Historical records matching James K. Vardaman, Governor, U.S. Senator
About James K. Vardaman, Governor, U.S. Senator
James Kimble Vardaman (July 26, 1861 – June 25, 1930) was an American politician from the state of Mississippi, serving as Governor of Mississippi from 1904 to 1908 and in the U.S. Senate from 1913 to 1919. Vardaman, known as "The Great White Chief", advocated white supremacy. He said "if it is necessary every Negro in the state will be lynched; it will be done to maintain white supremacy."
Vardaman was born near Edna, Jackson County, Texas and moved in 1868 with his parents to Yalobusha County, Mississippi. He went on to study law and became editor of a newspaper, the Greenwood Commonwealth (still in publication as of 2010).
As a Democrat, Vardaman served in the Mississippi House of Representatives from 1890 to 1896 and was speaker of that body in 1894. He was a major in the United States Army during the Spanish–American War and saw service in Puerto Rico.
After two failed attempts in 1895 and 1899, Vardaman won the governorship in 1903 and served one four-year term (1904–1908).
By 1910, his political coalition, comprising chiefly poor white farmers and industrial workers, began to describe themselves proudly as "rednecks", even to the point of wearing red neckerchiefs to political rallies and picnics.
Vardaman advocated a policy of racism against African Americans, even to the point of supporting lynching in order to maintain his vision of white supremacy. He was known as the "Great White Chief".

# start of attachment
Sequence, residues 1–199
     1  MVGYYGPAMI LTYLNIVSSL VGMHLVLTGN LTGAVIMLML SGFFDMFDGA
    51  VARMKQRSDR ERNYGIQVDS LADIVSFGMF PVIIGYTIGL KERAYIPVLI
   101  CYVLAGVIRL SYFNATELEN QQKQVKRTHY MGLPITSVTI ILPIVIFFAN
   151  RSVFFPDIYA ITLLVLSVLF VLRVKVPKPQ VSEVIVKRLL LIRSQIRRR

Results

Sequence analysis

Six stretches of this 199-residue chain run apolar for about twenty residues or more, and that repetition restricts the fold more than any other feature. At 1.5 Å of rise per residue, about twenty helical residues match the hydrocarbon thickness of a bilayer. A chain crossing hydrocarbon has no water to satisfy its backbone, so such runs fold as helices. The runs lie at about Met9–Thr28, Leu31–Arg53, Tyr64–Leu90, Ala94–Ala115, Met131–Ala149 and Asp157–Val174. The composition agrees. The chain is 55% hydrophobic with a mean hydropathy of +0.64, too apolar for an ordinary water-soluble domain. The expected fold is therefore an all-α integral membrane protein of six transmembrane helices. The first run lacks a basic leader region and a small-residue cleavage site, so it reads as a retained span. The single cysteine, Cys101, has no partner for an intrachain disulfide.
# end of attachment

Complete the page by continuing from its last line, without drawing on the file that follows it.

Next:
Vardaman was elected to the U.S. Senate and served one term lasting from 1913 until 1919, having been defeated in his reelection bid in 1918. The main factor in his defeat was his opposition to the Declaration of War which had enabled the United States to enter World War I. Vardaman sought to return to the Senate in 1922, but was defeated in the Democratic runoff by Congressman Hubert Stephens by 9,000 votes.
Vardaman was known for his provocative speeches and quotes, once calling Theodore Roosevelt a "little, mean, coon-flavored miscegenationist." After Booker T. Washington had dined with Roosevelt, Vardaman said the White House was "so saturated with the odor of the nigger that the rats have taken refuge in the stable." Vardaman, referring to the appearance of Booker T. Washington in politics, said: "I am just as much opposed to Booker T. Washington as a voter as I am to the coconut-headed, chocolate-colored typical little coon who blacks my shoes every morning."
He died on June 25, 1930 at the Birmingham Hospital in Birmingham, Alabama.